The upper leg is the largest muscle group in the body and therefore it can take a lot of work.I’ve had people ask me how to get better thigh development. They claim they’ve been squatting hard and have seen very little results. Actually when questioning them about their leg work, I have found that they have not been giving their legs the workout they are capable of.
I recommend heavy back squatting and then drop the weight down 25% to 35% for front squatting. I will outline this type of routine at the end of this article.
Another point I would like to bring out is that it’s far better to warm-up with about two light sets, increasing the weight only in the warm-up sets and not in your heavy sets.
Most people, however, graduate the weight in every set. Why should you do 10 reps with 200lb., 10 reps with 250lb., 10 reps with 300lb., 10 reps with 350lb., and then 10 reps with 400lb. You should perform your warm-up sets (probably no more than one or two) then do all your heavy sets of 10 reps with 400lb., thus receiving a far better leg workout.
I recommend four to five heavy sets of back squats not including your warm-up sets. Then go on to front squats. Remember to give it all you have and really push for those added reps. I made the mistake of not pushing myself hard in my thigh workouts at first and consequently showed very little progress. I can recall one day while squatting with what I thought was heavy for me (290lb) my gym instructor said I was loafing. He said I could do the same repetitions with 350lb. I said that I couldn’t, but I’d try. I loaded the bar with the additional 60 pounds and began my last set after a brief rest. To my amazement I did the set with my usual 10 reps. This is what I mean by putting out 100%. One word of caution: Always have a couple of spotters while performing your heavy sets. It is a poor practice to squat alone although this is sometimes unavoidable when training at home.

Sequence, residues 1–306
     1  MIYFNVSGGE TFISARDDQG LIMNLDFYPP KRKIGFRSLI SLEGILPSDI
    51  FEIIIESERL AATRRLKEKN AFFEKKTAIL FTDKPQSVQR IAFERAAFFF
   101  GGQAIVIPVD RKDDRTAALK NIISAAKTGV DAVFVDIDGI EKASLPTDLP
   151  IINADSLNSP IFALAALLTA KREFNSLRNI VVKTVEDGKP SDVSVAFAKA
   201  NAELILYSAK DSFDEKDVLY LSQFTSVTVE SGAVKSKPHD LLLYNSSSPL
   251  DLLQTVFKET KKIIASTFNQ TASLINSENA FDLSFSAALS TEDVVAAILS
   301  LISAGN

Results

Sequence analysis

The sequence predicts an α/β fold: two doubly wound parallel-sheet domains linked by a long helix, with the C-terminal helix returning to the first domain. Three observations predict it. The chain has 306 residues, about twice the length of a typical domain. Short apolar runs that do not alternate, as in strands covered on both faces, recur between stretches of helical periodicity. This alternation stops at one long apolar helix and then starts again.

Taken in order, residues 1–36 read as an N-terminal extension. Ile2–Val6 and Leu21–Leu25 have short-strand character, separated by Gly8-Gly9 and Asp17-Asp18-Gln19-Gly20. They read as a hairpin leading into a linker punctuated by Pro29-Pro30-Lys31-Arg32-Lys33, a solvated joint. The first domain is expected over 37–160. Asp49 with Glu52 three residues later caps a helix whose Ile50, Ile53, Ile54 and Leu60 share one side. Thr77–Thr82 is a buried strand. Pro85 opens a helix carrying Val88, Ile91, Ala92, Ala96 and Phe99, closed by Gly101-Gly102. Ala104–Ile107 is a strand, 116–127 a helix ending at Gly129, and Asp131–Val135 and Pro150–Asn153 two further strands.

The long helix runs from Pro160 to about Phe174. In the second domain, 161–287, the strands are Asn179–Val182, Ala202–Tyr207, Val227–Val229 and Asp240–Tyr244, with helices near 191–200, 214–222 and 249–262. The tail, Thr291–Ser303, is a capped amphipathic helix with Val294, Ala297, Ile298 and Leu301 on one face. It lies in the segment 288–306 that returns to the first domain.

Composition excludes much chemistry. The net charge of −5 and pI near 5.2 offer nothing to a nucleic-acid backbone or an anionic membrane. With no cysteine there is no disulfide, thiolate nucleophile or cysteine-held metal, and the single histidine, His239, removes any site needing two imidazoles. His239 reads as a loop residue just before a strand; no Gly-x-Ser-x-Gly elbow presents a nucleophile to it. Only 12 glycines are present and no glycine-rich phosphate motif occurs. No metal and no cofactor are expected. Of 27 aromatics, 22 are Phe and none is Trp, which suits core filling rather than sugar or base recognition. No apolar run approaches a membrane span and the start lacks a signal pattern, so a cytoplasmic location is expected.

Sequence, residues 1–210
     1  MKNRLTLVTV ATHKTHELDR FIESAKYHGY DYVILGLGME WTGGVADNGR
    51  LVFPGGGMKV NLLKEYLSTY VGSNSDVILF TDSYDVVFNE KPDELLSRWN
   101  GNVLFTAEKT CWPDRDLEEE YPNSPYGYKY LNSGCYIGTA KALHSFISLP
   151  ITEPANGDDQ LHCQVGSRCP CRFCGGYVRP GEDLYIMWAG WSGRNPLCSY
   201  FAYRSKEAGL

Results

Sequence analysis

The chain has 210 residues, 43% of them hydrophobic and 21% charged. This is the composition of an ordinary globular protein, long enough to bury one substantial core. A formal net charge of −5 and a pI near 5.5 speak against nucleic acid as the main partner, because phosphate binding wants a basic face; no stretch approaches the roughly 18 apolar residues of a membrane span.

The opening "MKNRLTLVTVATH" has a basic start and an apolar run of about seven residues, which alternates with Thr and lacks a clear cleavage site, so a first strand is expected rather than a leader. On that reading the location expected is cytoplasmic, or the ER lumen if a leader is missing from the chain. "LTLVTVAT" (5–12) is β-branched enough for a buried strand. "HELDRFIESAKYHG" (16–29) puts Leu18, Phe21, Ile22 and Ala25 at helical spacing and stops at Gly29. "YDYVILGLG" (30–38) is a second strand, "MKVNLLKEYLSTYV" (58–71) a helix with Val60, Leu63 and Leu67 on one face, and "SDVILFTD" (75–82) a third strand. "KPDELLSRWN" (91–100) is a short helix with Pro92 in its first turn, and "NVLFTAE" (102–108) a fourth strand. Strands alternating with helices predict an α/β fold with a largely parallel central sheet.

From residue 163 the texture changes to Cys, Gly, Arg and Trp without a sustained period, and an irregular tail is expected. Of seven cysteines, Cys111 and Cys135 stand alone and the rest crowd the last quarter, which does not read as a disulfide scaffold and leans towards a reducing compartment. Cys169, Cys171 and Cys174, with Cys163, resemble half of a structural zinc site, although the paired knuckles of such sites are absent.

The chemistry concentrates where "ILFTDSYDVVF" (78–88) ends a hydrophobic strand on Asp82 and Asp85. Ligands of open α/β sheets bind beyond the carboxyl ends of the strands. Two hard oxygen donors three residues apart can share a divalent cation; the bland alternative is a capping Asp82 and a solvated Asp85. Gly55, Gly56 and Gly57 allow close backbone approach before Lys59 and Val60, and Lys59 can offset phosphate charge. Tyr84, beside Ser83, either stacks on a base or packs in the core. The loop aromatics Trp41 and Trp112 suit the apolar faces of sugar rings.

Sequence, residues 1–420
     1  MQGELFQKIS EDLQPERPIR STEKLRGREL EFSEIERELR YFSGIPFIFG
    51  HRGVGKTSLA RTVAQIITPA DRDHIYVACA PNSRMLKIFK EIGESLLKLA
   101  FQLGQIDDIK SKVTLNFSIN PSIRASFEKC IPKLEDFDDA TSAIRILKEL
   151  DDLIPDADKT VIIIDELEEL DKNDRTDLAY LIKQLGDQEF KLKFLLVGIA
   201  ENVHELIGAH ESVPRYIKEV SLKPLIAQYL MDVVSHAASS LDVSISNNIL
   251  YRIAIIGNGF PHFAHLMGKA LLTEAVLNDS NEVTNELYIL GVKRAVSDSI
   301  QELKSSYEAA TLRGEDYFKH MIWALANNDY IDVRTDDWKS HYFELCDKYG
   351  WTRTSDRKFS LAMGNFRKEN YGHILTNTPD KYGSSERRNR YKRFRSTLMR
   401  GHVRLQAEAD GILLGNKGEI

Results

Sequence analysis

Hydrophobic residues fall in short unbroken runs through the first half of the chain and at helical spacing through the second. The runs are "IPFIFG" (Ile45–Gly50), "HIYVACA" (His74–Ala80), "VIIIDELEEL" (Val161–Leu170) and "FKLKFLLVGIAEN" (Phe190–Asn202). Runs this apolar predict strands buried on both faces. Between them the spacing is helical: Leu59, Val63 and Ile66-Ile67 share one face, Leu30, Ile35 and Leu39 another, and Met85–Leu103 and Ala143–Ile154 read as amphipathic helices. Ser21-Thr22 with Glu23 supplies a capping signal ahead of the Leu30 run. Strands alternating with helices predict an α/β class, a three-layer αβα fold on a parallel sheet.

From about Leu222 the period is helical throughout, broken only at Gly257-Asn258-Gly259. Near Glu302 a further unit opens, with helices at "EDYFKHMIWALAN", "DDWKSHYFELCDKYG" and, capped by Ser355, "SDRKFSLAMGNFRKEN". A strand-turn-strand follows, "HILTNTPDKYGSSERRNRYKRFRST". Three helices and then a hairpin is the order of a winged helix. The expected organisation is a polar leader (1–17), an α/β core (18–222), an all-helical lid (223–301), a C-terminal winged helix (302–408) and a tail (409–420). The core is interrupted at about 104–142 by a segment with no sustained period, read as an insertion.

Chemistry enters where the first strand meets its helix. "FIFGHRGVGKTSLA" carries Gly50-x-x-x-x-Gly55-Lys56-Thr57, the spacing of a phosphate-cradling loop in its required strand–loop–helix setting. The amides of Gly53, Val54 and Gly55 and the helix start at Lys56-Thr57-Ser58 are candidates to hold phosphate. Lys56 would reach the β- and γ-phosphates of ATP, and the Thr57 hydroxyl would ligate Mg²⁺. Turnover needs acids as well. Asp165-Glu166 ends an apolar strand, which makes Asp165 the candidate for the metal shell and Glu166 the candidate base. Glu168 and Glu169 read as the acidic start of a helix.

The front squat is another variation of squatting. It is done in practically the same manner as the back squat, but it works the thigh a little differently. This type of squatting works the inner thigh (Adductor Longus) and also brings out the sweep of the outer thigh (Vastus Externus).
To perform the front squat properly let the bar rest upon the shoulders. The bar will have a tendency to roll off if you don’t hold your elbows high with your hands resting on top of the bar.
Some people prefer to actually hold the bar in their hands with a reverse grip but I’ve found this is rather uncomfortable as you increase the weights. When you have assumed this position, squat all the way down and return to the starting position. Perform this motion with 8-10 reps.
Keep a good rhythm while doing your reps in each set, although you may have to slow down towards the last few reps. One thing to remember is to keep your back erect, squatting with your legs only and not your back. Another thing I’d like to bring out at this time is that you should never collapse on the way down but keep a strong tension on the thighs during the entire movement.
Many bodybuilders actually collapse on the way down before they start their drive upward. You may save a little energy in this method, but you run a great risk of a permanent knee injury. When I first started leg work I had a knee problem from the collapse style of squatting.